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Author Topic: French invade Moscow!  (Read 385 times) Average Rating: 0
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Rambam
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« on: April 10, 2014, 10:12:31 PM »

Been reading War and Peace, and I just came to the end of Book 3 (spoiler alert!) -- Napoleon's invasion of Moscow. This part of the book is disappointing. The Russian army retreats past Moscow, the city is emptied, the insane and criminals are released from the asylums and prisons, the city is practically empty. Napoleon basically waltzes into a ghost town -- probably wondering "where the heck is the Russian army?" -- and waiting for Russian troops to pour out of their hiding spots. The bells of the churches in the Kremlin start to ring for vespers -- the French thought it was the signal for the Russian troops to attack ... and nothing.

I can't imagine how anxious, terrifying, and even spooky this day must have been for everyone. What a great story this would be to tell! But Tolstoy? He's so busy trying to beat us over the head about how absurd the whole French invasion is that his description focuses on the comic, messy, dirty chaos -- bordering on levity.

An event that inspired Tchaikovsky's 1812 Overture has to have led to a novel or two that's at least as stirring. So, I'm wondering -- any of you all know of a novel or even a non-fiction book that tells this day with a bit more drama than Tolstoy musters? I've seen a novel out there called "Moscow: A story of the French invasion" by Fred Whishaw. Is this any good? Are there other options?

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« Reply #1 on: April 30, 2014, 05:09:08 PM »

I have not heard of this particular book, but there is one in English that many think of as definitive. It is called "Russia against Napoleon" by Dominic Lieven. It is a non-fiction account written by an author whose ancestors actually fought against Napoleon. Much of the information in the book is from the Russian State archives and wasn't available before. It's available on Kindle.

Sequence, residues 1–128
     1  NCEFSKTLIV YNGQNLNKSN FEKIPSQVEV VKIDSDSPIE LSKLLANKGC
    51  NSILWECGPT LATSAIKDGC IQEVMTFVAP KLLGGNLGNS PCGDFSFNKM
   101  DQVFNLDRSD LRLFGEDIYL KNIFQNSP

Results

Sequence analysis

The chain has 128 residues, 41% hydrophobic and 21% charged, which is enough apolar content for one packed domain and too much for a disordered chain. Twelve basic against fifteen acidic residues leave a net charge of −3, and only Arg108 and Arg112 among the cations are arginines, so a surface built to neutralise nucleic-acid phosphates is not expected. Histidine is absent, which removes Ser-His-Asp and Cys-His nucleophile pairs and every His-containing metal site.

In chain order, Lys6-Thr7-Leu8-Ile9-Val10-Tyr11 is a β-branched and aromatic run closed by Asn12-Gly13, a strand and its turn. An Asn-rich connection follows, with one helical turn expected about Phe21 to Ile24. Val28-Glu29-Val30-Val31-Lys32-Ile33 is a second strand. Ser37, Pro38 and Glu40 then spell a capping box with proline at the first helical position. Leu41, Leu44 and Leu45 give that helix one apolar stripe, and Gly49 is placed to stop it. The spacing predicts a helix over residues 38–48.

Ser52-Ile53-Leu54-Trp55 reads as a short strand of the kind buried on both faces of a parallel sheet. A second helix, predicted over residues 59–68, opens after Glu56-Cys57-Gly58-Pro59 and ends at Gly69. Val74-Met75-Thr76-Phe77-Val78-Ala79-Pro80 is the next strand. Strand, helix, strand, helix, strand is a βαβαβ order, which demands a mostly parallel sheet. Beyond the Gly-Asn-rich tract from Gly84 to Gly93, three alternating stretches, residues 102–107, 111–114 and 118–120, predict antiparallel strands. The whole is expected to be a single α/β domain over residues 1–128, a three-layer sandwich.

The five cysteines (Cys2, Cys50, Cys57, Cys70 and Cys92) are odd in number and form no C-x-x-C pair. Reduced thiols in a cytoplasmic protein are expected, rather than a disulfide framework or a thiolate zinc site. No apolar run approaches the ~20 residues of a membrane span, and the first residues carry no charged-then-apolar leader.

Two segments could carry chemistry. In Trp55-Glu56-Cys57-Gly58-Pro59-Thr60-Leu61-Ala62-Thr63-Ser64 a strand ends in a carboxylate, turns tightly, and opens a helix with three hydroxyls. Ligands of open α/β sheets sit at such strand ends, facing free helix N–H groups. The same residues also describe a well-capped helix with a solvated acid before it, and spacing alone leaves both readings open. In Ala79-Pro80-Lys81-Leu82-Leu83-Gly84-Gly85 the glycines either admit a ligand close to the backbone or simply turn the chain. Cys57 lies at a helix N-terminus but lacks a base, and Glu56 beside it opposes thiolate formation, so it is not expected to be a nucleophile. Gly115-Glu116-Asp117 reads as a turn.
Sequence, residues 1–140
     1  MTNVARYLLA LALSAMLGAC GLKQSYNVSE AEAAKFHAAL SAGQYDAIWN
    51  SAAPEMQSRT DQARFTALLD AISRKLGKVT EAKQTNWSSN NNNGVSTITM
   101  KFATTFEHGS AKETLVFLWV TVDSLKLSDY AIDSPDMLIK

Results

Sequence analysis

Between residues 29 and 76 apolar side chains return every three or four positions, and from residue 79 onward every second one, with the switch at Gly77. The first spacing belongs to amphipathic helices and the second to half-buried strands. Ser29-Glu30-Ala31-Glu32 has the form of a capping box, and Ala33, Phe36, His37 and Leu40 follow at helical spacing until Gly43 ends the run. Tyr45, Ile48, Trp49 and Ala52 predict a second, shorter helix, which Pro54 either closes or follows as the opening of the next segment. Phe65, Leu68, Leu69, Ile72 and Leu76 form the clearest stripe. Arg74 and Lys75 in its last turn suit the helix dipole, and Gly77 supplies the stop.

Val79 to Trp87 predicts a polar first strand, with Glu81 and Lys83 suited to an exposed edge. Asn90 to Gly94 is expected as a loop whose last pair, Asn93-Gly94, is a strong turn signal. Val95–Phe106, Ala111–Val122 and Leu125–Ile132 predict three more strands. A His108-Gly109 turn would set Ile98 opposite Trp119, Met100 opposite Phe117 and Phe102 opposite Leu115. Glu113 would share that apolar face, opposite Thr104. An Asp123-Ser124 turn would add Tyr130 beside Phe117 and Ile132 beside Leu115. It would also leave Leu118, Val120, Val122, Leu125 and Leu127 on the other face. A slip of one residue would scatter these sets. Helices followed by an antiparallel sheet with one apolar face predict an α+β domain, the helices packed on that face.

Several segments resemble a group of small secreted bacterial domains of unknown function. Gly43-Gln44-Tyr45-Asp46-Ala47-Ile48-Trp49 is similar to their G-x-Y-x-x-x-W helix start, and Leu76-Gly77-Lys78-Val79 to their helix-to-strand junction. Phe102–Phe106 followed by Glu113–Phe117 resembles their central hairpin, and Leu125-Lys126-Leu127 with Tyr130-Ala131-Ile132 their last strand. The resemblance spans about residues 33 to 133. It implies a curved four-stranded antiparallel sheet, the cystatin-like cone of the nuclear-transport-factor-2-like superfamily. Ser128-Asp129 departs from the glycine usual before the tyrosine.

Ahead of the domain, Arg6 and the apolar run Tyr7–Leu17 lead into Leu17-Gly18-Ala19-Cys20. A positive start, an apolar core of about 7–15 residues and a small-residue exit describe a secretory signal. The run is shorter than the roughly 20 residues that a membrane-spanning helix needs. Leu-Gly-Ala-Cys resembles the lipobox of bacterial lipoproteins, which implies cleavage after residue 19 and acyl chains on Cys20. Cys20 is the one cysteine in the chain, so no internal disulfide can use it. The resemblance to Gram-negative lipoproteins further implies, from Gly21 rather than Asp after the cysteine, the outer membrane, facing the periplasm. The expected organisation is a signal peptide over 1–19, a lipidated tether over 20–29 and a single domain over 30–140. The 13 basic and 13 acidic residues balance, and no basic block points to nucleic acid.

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« Reply #2 on: April 30, 2014, 05:12:53 PM »

Wow -- thanks! I'll take a look.

I gotta admit, in the meantime, that I have since watched the Audrey Hepburn/Henry Fonda version and the Mosfilm 8-hour version of War and Peace, and the Mosfilm version does an amazing job with the battle scenes, especially Borodino, but the portrayal of the Moscow invasion in both flicks was lackluster.

Thanks again, Levsky!



I have not heard of this particular book, but there is one in English that many think of as definitive. It is called "Russia against Napoleon" by Dominic Lieven. It is a non-fiction account written by an author whose ancestors actually fought against Napoleon. Much of the information in the book is from the Russian State archives and wasn't available before. It's available on Kindle.
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vamrat
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« Reply #3 on: May 15, 2014, 09:40:48 PM »

As I recall, the French invasion of Moskva was pretty lackluster.  I think the long retreat would be more interesting, though I have to admit ignorance on the majority of this campaign.  My readings usually focused on the Peninsular Campaign and the Hundred Days.

Was Borodino where Bagration died?  I know you can't hardly find a Napoleonic wargaming group without tripping over half a dozen Borodino scenarios, and there's something about Redoubts, but I really don't know a whole lot.
« Last Edit: May 15, 2014, 09:42:15 PM by vamrat » Logged

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« Reply #4 on: May 20, 2014, 12:50:39 AM »

Yep. Borodino was where Bagration was killed. So there's at least one question I can answer on Jeopardy thanks to Mr. Tolstoy.

Unlike Moscow, Tolstoy's description of Borodino and Austerlitz are amazing -- worth slogging through the whole book for those scenes. And the Borodino scene in the Mosfilm 'War and Peace' may be the best battle on film I've ever seen.



As I recall, the French invasion of Moskva was pretty lackluster.  I think the long retreat would be more interesting, though I have to admit ignorance on the majority of this campaign.  My readings usually focused on the Peninsular Campaign and the Hundred Days.

Was Borodino where Bagration died?  I know you can't hardly find a Napoleonic wargaming group without tripping over half a dozen Borodino scenarios, and there's something about Redoubts, but I really don't know a whole lot.
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